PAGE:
Movie : A Strange Love Story
Director : Tarique Khan & Sahil Seth
Cast : Riya Sen, Eddie Seth, Ashutosh Rana, Yashpal Sharma & Milind Gunaji
Music Director : Santok Singh, Dharmesh & Ripul
Lyricist : Amitabh Verma, Ripul-Dharmesh & Vikhar
Rating : 0.5/5
The first line of dialogue in A Strange Love Story sees our ‘hero’, Eddie Seth, point to a random domed building, and ask, yeh kya hai? Somebody equally random walks up to him and replies, yeh dargah hai. Hilarity ensues.
A Strange Love Story, which proudly introduces a gentleman called Eddie Seth in the lead role is one of those rare films that is so bad, it’s good. Though the makers of the film have scripted it in all seriousness, the unintentional comedy they strike up is guaranteed to have you in splits.
The warped plot of the film deals with things in quick order, introducing our hero, a point and shoot photographer called Kabir, on assignment in Goa, who decides to go click click at a dargah against all warning. This he chooses to do in the company of a girl, Jia, who he has just met at a rave and who, with all her hep and happening trappings, has just informed him about jinnat or genies, who are a separate species, who happen to haunt said dargah, and apparently, really hate photographers.
The proof is in the pudding, and when Jia is attacked within minutes of getting to the dargah, the twosome quickly get out of there and go meet a Christian priest, who thinks it’s great advice to tell the girl that there’s an evil force, the jinnat after her and that she should leave Goa and go stay in Mumbai with Kabir, who, if you remember, is the guy she met just the previous night.
So, off to Mumbai they go, unsurprisingly trailed by the stalker jinnat, who promptly kills off Kabir’s lecherous, really rapey boss Billy (who seems to be going through a terrible hair day, week or month), who happens to put the moves on Jia at his own birthday party. Instantly, Kabir and Jia become a part of a murder investigation led by a smart alec… er… a smart Iqbal of a cop, called Inspector Iqbal, an ultrasarcastic cop from Delhi’s crime branch, because clearly, the Mumbai police can’t investigate this case right, even if the Oshiwara Police Station was established in 1871 (the film informs us). Soon, the couple are on the run to Shimla, with some help from Iqbal himself, who apparently wants to play the good cop, bad cop by his own, schizophrenic self.
The ‘strange’ in A Strange Love Story’s title comes from the positively odd way its lead characters deal with stuff happening around them. So, you have Kabir and Jia react with Clint Eastwood esque nonchalance to death and gore, and seeing their own multiple selves. Sample the scene where the two drive to Pune only to see a tantrik baba (who they’re sent to, by their equally hep friend, who tells them with a completely straight face, tumhe mere tantrik baba se milna chahiye). When said baba has an impure thought about Jia within a second of seeing her (what’s to be said; she dresses like she’s headed to a club every time she steps out), the jinnat decides to violently ‘take care of him’. Kabir and Jia run out of there and drive back to Mumbai at full speed, even running over a pedestrian in their haste.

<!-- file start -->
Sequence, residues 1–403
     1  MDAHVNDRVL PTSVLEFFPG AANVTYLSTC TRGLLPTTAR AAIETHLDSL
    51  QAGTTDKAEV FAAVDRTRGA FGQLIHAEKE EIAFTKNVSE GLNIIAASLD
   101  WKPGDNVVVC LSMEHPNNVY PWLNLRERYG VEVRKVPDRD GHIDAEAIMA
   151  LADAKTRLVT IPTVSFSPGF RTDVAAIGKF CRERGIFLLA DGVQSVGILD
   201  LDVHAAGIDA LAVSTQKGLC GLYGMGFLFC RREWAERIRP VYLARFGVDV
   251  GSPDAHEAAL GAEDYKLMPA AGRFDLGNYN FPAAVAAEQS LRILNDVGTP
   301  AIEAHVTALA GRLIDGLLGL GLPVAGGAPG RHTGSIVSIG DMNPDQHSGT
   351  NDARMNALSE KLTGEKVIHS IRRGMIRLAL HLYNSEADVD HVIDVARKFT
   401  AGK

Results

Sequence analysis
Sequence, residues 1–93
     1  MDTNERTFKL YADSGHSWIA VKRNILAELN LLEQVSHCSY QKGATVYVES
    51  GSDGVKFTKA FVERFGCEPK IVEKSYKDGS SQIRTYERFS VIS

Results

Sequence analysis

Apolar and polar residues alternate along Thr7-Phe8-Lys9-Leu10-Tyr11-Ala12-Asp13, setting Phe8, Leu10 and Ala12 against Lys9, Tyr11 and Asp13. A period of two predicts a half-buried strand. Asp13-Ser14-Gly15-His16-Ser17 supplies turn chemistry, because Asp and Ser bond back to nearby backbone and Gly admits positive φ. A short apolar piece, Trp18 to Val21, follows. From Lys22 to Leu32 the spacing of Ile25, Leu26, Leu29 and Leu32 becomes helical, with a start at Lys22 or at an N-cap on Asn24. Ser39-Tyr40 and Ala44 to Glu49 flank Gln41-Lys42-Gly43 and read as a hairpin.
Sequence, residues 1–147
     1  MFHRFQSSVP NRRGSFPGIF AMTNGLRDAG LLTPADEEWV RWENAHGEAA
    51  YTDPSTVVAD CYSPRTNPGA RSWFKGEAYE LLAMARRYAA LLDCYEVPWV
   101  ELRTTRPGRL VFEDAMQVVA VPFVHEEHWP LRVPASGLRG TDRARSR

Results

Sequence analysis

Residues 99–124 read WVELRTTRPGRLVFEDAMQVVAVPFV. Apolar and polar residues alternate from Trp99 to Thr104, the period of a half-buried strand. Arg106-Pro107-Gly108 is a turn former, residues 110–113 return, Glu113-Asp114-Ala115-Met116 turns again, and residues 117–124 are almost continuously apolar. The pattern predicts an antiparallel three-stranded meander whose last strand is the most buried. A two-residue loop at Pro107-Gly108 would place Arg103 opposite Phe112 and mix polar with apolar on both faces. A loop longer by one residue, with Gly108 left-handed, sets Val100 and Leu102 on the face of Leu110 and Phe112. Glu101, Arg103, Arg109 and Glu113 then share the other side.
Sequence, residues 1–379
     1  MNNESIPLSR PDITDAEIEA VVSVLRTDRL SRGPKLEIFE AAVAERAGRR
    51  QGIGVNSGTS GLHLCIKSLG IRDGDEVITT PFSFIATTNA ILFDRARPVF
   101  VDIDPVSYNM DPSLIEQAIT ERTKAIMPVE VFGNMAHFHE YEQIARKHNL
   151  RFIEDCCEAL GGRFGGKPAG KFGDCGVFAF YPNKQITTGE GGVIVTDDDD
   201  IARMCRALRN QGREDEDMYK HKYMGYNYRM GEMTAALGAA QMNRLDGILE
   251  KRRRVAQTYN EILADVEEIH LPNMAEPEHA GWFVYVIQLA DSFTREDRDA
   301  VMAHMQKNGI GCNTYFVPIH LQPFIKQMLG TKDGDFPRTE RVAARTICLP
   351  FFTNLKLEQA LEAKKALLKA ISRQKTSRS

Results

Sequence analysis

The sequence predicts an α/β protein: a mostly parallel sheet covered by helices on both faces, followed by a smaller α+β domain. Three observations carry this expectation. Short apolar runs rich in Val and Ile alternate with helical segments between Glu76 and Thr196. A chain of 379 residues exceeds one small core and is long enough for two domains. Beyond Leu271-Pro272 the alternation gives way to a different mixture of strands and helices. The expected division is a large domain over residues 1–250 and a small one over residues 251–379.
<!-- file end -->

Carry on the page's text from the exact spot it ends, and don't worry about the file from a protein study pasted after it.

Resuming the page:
You’d imagine that after seeing somebody get murdered without reason and actually nearly killing someone themselves, they would be terrified of things around them. Instead, our twosome enters their house giggling and laughing in the next scene, and Kabir even finds the moment perfect to creepily joke around with his bald dad about how his choice, Jia, is perfect. Never mind the murders and jinnat on her trail, clearly, the weirdest creatures in this film are the two lead characters themselves.
One has to wonder what would lead someone to make a film as terrible (or brilliant) as this, and a glance at the credits makes everything clear. Directed by Tarique Khan and Sahil Seth, the film is also produced by someone called Shohreh Seth, along with Suresh Bhagat. Clearly, this is a launch vehicle of sorts for Eddie Seth, who is possibly one of the worst actors to be seen in Bollywood in recent times. With no star presence and bringing an unbelievable amount of campiness to proceedings here, Eddie lights up the screen with his completely serious ham act.
While Eddie’s presence is understandable, one has to wonder what far better actors, like Ashutosh Rana, Yashpal Sharma and Riya Sen are doing here, the last one especially so, since her last release was rave reviewed Tagore flick, Kashmakash. Here, she’s content to play the screechy Jia, who dresses like she’s a dance bar girl, and mouths dialogues like ‘main itni bhi cheap nahin hoon ki tumhare saath so jaun, you male chauvinistic pig!’ She goes toe to toe with Eddie with her terrible, terrible acting and is the perfect spoil for him.
Ashutosh Rana can’t help but do a good job as Iqbal, the inspector, genuinely making one laugh with his sarcastic dialogues and brash demeanour. One can only hope that he picks his projects better the next time around. Yashpal Sharma, who plays a maulvi (who dresses like a priest), comes in a short role towards the end, and is fine with his serious act. Milind Gunaji’s two minute bit role in the climax isn’t worth going into.
The film’s music, with four composers, including Sukhwinder Singh, contributing, is nothing that catches one’s notice.
A Strange Love Story is the ultimate triumph of campiness and terrible cinema, sort of like a car crash that you can’t take your eyes off of. With horrendous writing, senseless dialogues and onerous acting, the film is a perfect amalgamation of everything that goes into bad cinema. Such is the pedigree of its terribleness, that A Strange Love Story becomes a must watch simply to show how bad, bad can truly be…!